Gordes by Hunter Hammersen


August 2017
Fingering (14 wpi) ?
34 stitches = 4 inches
in blocked stockinette
300 - 400 yards (274 - 366 m)
Fits a foot or leg of 8.25 [9.25] inches in fingering weight yarn, 10 [11.25] inches in sport or dk-weight yarn.
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This pattern is available for $8.00 USD buy it now

Updated, expanded, and finally back in print, this delightful new edition of Silk Road Socks features sixteen intricate patterns inspired by oriental rugs.

All fourteen of the original patterns are here, each revised to fit my current style and with extra sizes added (that includes sizing them all for both fingering weight yarn and dk/sport weight yarn). There are also two brand new patterns available here for the first time ever. And of course along the way I’ve upgraded all the fun bits (new photos, new charts, beautiful illustrations…all the things that help make a book lovely)!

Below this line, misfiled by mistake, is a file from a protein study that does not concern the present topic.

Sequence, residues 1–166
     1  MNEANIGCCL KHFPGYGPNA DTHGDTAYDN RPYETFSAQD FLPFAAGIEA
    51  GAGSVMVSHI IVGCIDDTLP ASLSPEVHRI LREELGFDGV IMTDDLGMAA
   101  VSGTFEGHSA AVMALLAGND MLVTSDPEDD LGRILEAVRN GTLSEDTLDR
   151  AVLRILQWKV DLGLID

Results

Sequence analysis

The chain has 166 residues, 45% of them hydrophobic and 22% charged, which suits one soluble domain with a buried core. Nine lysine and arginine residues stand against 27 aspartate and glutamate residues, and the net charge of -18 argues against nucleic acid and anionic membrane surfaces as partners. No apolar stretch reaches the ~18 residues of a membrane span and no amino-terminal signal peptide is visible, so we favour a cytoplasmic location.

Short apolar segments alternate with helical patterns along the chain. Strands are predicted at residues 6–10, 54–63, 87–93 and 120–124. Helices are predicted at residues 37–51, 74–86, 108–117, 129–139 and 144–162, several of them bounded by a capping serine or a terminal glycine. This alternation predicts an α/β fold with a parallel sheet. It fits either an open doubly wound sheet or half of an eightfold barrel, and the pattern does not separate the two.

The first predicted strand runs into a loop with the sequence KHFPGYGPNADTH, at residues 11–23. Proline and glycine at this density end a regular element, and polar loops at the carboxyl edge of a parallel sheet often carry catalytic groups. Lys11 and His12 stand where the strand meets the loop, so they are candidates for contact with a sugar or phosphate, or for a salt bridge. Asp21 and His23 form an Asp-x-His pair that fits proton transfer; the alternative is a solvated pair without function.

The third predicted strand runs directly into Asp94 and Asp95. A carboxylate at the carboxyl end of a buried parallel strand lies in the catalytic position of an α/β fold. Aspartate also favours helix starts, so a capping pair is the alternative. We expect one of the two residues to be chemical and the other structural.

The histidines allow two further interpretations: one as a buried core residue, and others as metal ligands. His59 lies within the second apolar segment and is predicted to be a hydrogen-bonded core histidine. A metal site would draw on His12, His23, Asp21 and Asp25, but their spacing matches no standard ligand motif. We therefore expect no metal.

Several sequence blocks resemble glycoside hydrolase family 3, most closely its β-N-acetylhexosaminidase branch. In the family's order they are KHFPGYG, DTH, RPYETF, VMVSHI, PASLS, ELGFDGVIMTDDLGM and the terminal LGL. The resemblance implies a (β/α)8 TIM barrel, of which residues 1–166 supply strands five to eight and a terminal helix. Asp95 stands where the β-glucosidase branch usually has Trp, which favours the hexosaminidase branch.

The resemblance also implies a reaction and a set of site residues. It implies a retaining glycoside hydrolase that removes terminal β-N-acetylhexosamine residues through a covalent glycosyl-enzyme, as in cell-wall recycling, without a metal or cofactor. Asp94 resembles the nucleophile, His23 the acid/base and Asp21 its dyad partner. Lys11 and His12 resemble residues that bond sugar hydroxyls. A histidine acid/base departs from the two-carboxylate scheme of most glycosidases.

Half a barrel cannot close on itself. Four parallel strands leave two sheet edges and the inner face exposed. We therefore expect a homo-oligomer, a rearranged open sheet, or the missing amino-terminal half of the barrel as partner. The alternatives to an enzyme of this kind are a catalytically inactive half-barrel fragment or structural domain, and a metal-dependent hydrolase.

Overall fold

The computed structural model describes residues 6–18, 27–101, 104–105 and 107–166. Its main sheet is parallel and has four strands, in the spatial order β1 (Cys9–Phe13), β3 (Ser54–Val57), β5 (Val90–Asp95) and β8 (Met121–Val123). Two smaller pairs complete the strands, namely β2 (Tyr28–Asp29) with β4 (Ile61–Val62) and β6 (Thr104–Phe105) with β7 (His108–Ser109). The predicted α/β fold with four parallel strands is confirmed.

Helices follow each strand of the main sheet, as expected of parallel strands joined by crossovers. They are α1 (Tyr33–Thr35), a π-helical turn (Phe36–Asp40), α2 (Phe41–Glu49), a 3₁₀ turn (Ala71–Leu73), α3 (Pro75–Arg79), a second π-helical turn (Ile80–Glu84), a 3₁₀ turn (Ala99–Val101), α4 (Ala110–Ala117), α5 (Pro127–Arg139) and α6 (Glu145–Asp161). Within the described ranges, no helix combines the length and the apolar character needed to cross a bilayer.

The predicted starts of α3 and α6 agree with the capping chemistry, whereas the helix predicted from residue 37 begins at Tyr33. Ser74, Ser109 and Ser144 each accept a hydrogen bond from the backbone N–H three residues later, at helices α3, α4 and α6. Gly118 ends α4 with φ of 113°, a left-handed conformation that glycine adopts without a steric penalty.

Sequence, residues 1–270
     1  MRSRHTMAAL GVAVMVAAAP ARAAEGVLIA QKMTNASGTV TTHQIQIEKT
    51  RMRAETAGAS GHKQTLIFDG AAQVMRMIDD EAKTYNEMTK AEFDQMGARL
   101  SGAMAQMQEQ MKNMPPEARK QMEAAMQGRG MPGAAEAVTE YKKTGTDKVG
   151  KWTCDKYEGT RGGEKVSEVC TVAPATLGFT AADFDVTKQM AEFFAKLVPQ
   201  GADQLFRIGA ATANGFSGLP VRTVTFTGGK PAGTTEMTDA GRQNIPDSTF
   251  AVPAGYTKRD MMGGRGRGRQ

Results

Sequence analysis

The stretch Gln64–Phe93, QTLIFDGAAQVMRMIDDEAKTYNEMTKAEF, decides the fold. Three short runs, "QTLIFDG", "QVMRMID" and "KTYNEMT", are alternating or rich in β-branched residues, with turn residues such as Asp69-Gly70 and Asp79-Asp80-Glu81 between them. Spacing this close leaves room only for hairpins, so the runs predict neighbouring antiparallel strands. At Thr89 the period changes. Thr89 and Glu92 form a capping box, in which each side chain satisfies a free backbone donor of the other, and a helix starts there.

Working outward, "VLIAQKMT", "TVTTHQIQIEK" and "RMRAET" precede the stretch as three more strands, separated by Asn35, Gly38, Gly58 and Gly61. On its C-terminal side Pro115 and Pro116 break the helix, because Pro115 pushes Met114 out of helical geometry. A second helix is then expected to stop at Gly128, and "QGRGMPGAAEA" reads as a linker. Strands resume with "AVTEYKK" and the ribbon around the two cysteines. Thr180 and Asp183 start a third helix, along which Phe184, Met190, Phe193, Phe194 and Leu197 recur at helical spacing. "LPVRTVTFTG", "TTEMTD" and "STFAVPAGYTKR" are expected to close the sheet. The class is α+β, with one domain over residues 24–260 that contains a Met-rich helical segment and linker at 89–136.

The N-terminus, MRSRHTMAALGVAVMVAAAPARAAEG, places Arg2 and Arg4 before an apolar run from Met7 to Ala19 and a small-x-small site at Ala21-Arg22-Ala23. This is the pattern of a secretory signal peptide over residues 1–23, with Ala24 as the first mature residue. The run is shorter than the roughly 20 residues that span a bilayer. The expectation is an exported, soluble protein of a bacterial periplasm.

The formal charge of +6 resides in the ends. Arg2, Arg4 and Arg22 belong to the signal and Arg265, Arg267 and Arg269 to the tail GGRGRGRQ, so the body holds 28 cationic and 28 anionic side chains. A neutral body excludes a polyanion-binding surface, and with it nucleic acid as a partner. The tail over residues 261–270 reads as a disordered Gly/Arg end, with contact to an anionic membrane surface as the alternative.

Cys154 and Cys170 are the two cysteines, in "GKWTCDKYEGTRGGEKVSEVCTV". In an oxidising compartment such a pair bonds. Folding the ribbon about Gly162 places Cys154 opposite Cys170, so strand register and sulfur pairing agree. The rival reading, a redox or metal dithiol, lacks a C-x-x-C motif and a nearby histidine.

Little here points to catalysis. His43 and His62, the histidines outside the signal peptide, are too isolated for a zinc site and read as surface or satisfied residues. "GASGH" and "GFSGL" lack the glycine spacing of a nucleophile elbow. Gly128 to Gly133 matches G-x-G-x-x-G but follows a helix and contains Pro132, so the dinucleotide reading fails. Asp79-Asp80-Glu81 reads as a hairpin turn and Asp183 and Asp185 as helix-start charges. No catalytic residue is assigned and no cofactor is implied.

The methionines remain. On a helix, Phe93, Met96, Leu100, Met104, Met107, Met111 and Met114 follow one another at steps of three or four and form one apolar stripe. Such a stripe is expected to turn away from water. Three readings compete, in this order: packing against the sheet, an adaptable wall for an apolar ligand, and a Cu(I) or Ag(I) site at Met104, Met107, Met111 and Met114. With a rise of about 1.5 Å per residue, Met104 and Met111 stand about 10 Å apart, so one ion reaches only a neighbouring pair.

The book is available in both paper and electronic versions, and every paper copy of the book includes a unique code (look inside the back cover) that allows you to download a copy of the electronic book. You’ll be able to store the electronic version in your ravelry library if you like (though a ravelry membership isn’t required to access the electronic version).

You can get the electronic version here on ravelry, or swing by amazon or ask at your local yarn store to get a paper copy!

Gördes (sometimes Ghiordes) is a town in western Turkey, where rugs have been made since at least the eighteenth century. In the late nineteenth century, the prayer rug style became popular, and any rug with an arch was likely to be called a Gördes. Books from this period are often full of blatantly incorrect (though charmingly romantic) information about both the town and the rugs.

Rugs of strikingly different colors, materials, and constructions have been attributed to Gördes, and telling a real Gördes from a fake can be challenging. Many feature an arch supported by decorated columns, both elements represented in these socks.